Social Dynamics and Lay-Church Relations in the Monastic Town of Reading, 1350-1600
My project, supervised by Beat Kümin and funded by the Economic and Social Research Council, looks at English urban society in the era of transition between the medieval and early modern periods. The thesis engages with a wide range of historical themes: local communities, social networks, oligarchy, marginalised groups, lord-tenant relations, monasticism, and popular religion.
The project uses a case study of the town of Reading, the entirety of which was held under the lordship of Reading Abbey. Medieval monastic towns are traditionally characterised in terms of their repressive lordship and violent town-abbey relations. As such, the dissolution of the monasteries has been presented either as a revolution or as a period of crisis. This portrayal is based to a large extent on case studies of Bury St Edmunds, St Albans, and Abingdon and overlooks other monastic towns, such as Reading, where disagreements were managed less violently. The common portrayal also fails to address why large-scale violence against the monastic lords in these three most-studied towns virtually ceased in the fifteenth century.
My project seeks to establish a fuller understanding of town-abbey relations by investigating the everyday social interactions in Reading. It aims to explore the social dynamics of the town by studying the social groupings which existed and the ways in which they interacted. The project engages with the debate over the state of the monasteries on the eve of the English Reformation. It looks at the impact of the dissolution on town society and whether this should be considered a revolution, a crisis or, as is rarely considered, a relatively smooth transition of power.
MRes in Medieval Studies
University of Reading, 2014-2016, 82.5%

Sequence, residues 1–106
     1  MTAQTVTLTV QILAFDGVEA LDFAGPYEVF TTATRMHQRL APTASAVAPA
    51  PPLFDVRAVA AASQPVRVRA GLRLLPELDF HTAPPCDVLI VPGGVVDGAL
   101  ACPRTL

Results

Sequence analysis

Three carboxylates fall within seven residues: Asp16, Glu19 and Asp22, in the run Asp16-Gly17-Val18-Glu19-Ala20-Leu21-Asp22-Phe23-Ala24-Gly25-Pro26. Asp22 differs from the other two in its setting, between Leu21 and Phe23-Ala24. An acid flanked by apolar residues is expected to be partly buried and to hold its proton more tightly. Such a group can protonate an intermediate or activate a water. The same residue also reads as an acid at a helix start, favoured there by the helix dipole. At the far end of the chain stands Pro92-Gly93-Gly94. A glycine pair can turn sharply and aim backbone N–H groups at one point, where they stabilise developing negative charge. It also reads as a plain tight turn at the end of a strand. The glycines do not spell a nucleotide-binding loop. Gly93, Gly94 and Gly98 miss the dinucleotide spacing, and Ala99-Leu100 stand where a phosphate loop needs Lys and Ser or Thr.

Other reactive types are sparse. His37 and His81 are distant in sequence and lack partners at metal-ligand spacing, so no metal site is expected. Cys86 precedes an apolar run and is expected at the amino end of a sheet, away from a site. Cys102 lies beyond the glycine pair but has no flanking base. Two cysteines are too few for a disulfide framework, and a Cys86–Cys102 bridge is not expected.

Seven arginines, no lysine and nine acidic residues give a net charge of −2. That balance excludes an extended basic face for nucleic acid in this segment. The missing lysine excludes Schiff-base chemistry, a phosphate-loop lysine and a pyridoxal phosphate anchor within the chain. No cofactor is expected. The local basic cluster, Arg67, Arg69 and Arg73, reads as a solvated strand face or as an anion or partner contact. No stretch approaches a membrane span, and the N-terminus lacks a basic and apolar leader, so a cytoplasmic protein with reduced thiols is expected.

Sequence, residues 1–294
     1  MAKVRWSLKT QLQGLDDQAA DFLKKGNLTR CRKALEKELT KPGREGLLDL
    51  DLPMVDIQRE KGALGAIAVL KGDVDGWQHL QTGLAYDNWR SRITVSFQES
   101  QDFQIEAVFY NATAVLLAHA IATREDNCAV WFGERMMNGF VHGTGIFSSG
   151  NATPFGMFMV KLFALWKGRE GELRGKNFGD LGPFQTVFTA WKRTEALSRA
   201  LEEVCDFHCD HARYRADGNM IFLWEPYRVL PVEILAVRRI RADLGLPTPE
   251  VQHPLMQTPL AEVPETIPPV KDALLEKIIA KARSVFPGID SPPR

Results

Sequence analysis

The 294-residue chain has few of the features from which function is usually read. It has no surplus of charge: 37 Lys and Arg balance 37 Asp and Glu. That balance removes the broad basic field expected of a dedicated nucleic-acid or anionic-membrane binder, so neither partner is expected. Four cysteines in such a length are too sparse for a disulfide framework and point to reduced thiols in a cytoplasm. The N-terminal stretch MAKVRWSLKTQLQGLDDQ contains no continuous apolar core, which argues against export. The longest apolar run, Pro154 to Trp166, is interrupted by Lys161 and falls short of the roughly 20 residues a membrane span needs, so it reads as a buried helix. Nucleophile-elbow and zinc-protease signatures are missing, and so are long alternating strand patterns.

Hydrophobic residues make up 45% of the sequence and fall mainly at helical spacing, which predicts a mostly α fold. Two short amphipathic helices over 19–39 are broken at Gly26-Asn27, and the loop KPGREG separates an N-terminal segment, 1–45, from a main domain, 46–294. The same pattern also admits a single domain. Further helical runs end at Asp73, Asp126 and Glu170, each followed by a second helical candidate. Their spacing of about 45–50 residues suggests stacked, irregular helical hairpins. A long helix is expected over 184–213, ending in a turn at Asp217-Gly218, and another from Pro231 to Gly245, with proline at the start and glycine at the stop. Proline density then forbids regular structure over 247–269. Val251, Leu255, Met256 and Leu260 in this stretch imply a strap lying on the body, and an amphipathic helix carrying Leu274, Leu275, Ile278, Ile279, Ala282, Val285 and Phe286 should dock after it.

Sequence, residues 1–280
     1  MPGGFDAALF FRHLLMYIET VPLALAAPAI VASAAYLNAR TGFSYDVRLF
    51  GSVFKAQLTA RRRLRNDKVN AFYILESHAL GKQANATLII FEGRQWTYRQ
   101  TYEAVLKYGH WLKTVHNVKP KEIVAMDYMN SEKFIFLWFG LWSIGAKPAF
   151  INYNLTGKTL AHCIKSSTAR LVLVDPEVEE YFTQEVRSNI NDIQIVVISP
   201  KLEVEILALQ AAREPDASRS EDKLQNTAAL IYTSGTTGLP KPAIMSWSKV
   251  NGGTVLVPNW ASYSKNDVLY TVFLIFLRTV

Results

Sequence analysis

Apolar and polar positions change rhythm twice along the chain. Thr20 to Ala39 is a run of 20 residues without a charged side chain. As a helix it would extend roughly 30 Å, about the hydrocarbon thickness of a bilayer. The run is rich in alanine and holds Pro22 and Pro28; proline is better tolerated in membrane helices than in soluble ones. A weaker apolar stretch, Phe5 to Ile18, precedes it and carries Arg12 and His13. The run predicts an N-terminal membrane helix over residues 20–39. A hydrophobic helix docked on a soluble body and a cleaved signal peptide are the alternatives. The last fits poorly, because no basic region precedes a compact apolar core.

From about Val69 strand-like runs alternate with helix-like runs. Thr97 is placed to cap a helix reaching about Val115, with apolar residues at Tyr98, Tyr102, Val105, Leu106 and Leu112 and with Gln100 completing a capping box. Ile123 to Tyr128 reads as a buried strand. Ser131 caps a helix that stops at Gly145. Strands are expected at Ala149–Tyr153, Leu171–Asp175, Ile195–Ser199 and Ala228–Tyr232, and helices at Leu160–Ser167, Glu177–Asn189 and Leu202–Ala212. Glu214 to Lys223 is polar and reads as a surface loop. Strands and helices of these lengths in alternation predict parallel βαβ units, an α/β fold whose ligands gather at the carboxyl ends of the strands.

Dissertation: Reassessing the 1381 Rising in West Suffolk: Coordinated Revolt or Localised Events? (20,000 words)
Other Units: Latin & Paleography, Books of Hours, Chaucer, early rebellions in Bury St Edmunds
Prizes: Pickering Prize for highest mark in a medieval dissertation
Professional Graduate Certificate in Education
University of Winchester, 2010-2011, Pass
Course comprised: four 4000 word assignments and two school placements
BA (Hons) in Modern History
University of Oxford, 2004-2007, 2:1
Dissertation: Miners' Strike in South Wales 1984-85 (12,000 words)
Other Finals Units: Britain 1066-1330, Wars of the Roses, Reformation Europe, Britain 1685-1830, Imperialism in Africa
‘Leaders and Rebels: John Wrawe’s Role in the Suffolk Rising of 1381’, Proceedings of the Suffolk Institute for Archaeology & History , forthcoming (approved by peer review for 2018).
‘The 1381 Rising in Bury St Edmunds: The Role of Leaders and the Community in Shaping the Rebellion’, Pons Aelius 13 (2016), pp. 35-47.
'The Dissolution of Reading Abbey: The Power Vacuum and its Impact on the Town', European Reformation Research Group: The Reformation: 500 Years On (University of Liverpool, 2017).
'The Peasants’ Revolt of 1381: Leadership in the Suffolk Rising', The Warwick History Postgraduate Conference (University of Warwick, 2017).
'Marxism and the Peasants’ Revolt: The Class Struggle Interpretation and its Problems', Graduate Centre for Medieval Studies Workshop (University of Reading, 2016).
Webmaster for the My Parish website, an online resource that brings together researchers from a variety of areas of study who use parish sources. My responsibilities are writing reports for the group's annual symposium, answering enquiries from members, and general website updating and maintenance.
j dot chick at warwick dot ac dot uk